CCC is hosting another opportunity to get involved in discussing immigration on Wednesday, July 11, 2018 at 6:30 PM at Carnegie Public Library 322 S Wayne St. Angola, IN 46703 where Daryl Emowrey, Pastor, will briefly describe a deliberative dialogue model—a method focused on building relationships and fostering communication around important issues of the day—and then lead the group in a deliberative dialogue process on immigration. (Notes: Deliberative dialogue is not a religiously-affiliated model. This event is not religious and is open to anyone regardless of faith beliefs.)
According to Scott London, “Deliberative dialogue differs from other forms of public discourse — such as debate, negotiation, brainstorming, consensus-building — because the objective is not so much to talk together as to think together, not so much to reach a conclusion as to discover where a conclusion might lie. Thinking together involves listening deeply to other points of view, exploring new ideas and perspectives, searching for points of agreement, and bringing unexamined assumptions into the open. The process usually revolves around a pressing question that needs to be addressed, rather than a problem that can be efficiently solved. A problem needs to be solved; a question cannot be solved, but it can be experienced and, out of that experience, a common understanding can emerge that opens an acceptable path to action.”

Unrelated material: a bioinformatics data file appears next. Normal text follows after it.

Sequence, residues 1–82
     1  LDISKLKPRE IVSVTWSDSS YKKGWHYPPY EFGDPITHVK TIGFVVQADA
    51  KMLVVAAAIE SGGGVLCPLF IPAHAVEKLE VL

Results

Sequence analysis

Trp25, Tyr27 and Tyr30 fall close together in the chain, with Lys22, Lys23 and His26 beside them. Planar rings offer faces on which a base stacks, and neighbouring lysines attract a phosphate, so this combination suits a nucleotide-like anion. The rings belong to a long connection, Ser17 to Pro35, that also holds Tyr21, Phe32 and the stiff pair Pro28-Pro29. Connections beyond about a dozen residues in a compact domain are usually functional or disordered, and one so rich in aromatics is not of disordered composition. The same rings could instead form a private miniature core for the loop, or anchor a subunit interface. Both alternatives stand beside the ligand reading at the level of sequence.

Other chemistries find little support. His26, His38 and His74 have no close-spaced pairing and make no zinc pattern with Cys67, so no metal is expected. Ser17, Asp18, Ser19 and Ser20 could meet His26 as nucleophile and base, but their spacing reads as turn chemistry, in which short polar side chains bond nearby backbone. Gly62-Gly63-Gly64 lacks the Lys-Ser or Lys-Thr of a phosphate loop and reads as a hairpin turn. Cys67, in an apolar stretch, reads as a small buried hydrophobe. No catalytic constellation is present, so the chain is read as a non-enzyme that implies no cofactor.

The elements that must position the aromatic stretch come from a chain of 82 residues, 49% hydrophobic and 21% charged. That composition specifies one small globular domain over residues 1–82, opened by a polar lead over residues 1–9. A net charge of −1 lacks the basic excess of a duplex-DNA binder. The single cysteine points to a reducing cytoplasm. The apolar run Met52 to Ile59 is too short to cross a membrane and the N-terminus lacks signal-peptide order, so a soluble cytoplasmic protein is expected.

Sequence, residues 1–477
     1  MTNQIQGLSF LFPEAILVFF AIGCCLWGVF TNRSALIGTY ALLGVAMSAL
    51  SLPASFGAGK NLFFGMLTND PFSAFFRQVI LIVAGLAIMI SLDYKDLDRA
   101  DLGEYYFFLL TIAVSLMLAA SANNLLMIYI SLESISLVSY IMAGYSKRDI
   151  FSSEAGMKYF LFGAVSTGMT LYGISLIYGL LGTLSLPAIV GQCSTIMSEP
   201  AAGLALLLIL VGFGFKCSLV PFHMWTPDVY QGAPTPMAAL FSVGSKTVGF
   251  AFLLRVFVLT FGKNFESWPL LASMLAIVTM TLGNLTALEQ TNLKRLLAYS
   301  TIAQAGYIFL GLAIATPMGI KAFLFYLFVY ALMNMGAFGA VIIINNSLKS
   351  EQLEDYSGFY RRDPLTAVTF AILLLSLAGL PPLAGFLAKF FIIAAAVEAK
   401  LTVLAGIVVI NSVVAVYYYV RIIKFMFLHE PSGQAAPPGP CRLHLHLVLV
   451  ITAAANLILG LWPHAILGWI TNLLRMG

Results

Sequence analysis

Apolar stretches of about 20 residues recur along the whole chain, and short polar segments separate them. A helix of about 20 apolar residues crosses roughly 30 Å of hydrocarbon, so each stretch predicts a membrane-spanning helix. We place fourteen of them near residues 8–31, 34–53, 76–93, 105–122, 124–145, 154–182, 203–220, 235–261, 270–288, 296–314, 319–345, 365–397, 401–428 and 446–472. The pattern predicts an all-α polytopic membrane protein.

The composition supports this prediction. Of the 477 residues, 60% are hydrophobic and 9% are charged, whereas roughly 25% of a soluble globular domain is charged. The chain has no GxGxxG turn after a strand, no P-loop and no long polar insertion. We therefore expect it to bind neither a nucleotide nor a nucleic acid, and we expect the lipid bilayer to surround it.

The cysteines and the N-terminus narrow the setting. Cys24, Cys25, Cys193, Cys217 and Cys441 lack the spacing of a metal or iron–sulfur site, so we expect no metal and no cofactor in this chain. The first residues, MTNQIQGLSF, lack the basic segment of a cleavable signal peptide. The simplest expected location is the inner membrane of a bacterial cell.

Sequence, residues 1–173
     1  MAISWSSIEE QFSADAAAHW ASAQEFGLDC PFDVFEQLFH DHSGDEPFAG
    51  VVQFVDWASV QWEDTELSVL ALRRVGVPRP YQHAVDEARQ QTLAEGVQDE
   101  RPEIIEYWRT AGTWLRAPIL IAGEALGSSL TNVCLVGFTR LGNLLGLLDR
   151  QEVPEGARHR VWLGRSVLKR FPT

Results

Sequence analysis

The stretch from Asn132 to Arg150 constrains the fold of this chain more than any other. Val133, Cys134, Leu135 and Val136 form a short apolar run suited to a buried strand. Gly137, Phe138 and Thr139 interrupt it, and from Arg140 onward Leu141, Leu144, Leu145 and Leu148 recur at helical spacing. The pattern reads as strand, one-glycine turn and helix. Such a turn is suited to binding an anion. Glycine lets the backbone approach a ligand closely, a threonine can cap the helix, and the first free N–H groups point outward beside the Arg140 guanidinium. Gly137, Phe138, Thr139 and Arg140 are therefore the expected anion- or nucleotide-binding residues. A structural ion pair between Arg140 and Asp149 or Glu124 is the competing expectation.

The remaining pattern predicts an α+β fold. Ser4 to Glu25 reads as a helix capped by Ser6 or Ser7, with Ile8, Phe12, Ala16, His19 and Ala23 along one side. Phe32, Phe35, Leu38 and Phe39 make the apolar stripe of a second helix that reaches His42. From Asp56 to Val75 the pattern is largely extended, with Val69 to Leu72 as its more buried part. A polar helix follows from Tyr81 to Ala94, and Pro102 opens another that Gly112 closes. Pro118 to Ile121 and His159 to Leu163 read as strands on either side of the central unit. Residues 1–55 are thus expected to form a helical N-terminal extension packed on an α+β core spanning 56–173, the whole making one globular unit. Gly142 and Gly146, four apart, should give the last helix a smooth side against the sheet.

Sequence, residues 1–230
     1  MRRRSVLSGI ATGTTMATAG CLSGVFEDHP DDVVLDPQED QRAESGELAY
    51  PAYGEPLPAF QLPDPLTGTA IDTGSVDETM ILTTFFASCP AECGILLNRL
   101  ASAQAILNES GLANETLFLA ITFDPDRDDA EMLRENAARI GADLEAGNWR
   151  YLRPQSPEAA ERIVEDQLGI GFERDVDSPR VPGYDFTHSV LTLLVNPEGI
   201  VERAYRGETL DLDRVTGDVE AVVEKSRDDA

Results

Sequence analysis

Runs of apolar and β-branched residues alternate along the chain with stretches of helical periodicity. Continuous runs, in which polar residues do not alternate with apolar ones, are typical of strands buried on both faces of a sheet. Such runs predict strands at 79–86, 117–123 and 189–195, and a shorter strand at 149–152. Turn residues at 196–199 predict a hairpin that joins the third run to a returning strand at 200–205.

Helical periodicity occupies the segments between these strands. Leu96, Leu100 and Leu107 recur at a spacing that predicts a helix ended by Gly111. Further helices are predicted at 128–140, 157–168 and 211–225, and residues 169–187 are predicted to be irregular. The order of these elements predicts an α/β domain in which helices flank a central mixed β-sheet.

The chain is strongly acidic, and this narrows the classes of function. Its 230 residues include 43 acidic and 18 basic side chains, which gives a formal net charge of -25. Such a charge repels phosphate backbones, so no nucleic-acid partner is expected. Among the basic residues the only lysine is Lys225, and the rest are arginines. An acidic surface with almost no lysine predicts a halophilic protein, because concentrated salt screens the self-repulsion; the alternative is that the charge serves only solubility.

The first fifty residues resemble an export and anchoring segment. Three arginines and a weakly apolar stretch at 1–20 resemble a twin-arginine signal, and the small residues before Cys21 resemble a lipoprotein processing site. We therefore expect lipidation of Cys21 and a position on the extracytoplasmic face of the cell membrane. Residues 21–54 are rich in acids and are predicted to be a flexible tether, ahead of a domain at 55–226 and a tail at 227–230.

Pastor Emowrey will utilize the deliberative dialogue method as conceptualized by the National Issues Forum. In their view, deliberation is careful consideration or discussion that includes a process of thoughtfully weighing options and, through their method, leads to the discovery of a shared direction guided by what participants value most. They identify some of the benefits of deliberative dialogue as
- “Deliberation is a way to act together with your community to better understand and deal with problems more directly;”
- “The more we get together and talk, the more we establish a shared future in which we have control;” and
- “Studies show that the patient practice of deliberation leads to change.”
We welcome anyone, regardless of viewpoint, who would like to participate in this deliberative dialogue. We strive to treat others with respect and take responsibility for ourselves thus fostering meaningful relationships among CCC members and also with the wider community.